What Is the New Colossus? Originally Published November 1-2, 2019.

Maybe to understand what the New Colossus is we should have an inkling what the old one was.  The Colossus of Rhodes (in Greek, ὁ Κολοσσὸς Ῥόδιος) is considered one of the Seven Wonders of the Ancient World.  A statue of the Greek sun god Helios, it stood looking out to the harbor on the island of Rhodes, put there by Chares of Lindos in 280 BCE.  They believe it was about 108 feet high not counting its base.  The earthquake of 226 BCE took it down.

Bearing a date of November 2, 1883, “The New Colossus” was a poem, a sonnet, by Emma Lazarus (an American Jew, 7/22/1849-11/19/1887).  She submitted it to an auction to aid the Bartholdi Pedestal Fund, a fund established to facilitate the building of a base upon which to park the Statue of Liberty, created by Frederic Auguste Bartholdi, then being given by France to the United States.  The statue was to be approximately the same height as the Colossus of Rhodes.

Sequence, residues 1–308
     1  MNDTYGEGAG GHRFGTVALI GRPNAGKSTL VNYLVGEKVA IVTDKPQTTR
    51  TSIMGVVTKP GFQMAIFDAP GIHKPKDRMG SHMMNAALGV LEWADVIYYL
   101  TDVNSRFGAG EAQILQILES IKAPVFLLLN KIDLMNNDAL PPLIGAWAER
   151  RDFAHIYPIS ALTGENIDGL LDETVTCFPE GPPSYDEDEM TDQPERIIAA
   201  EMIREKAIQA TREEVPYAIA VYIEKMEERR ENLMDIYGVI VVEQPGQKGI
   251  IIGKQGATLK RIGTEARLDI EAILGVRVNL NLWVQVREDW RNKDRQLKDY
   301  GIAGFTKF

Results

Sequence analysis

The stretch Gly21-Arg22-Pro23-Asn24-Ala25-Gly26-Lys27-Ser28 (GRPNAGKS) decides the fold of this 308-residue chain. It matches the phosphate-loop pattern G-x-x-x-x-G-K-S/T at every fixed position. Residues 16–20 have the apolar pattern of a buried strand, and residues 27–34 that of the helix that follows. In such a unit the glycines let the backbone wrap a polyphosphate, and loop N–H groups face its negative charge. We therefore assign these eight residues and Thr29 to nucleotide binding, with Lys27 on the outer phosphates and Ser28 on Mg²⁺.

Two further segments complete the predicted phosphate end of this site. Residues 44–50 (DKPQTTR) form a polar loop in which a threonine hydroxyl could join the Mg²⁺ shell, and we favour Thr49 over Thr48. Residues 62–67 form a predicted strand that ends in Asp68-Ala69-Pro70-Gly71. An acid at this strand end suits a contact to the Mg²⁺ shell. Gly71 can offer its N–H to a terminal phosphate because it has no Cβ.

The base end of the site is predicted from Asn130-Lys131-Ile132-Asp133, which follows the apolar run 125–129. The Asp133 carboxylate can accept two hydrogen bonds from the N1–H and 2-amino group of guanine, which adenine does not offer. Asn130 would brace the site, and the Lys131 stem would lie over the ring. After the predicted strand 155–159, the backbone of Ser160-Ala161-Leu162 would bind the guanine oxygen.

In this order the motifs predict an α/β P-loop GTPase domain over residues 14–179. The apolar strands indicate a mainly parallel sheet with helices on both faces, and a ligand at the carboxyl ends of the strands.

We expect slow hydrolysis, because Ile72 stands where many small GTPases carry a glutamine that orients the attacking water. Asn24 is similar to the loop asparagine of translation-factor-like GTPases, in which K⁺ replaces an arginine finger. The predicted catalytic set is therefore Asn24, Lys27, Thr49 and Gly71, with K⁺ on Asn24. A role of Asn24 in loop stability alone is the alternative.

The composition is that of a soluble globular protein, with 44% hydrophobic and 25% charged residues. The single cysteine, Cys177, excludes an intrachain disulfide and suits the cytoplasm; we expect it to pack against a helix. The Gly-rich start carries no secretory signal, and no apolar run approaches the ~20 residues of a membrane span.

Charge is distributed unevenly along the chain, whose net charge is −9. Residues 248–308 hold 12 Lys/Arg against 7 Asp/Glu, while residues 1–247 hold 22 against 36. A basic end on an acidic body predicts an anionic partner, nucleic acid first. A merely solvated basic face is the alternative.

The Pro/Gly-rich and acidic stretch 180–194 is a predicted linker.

The poem was inscribed in 1903 on a plaque which was placed on the statue’s pedestal.  (In 1945 it was moved to the entrance hallway.)

Emma Lazarus was already a well-known poet when she wrote “The New Colossus.”  I commend you to read her “Echoes,” “Life and Art,” “Age and Death,” and so many more.  And she also was no stranger to the plight both of emigrants from dangerous countries and of immigrants to this country.  In the 1880s there were waves of pogroms plaguing Jews in Eastern Europe, and Ms. Lazarus was active with the Hebrew Immigrant Aid Society.  She also spoke out and wrote against anti-Semitism, in favor of a Zionist solution to the rampant persecution of Jews, and against persecution of immigrants here in the U.S.

Her poem “The New Colossus,” the most famous lines of which are “Give me your tired, your poor,  / Your huddled masses yearning to breathe free,” became the verbal embodiment of the Statue of Liberty, one intent of which was a mark of solidarity between France and the U.S. in terms of the promulgation of liberty. 

Liberty is one resource we never must run out of:  we must always be certain that there is enough to go around and that we offer it to those who need it.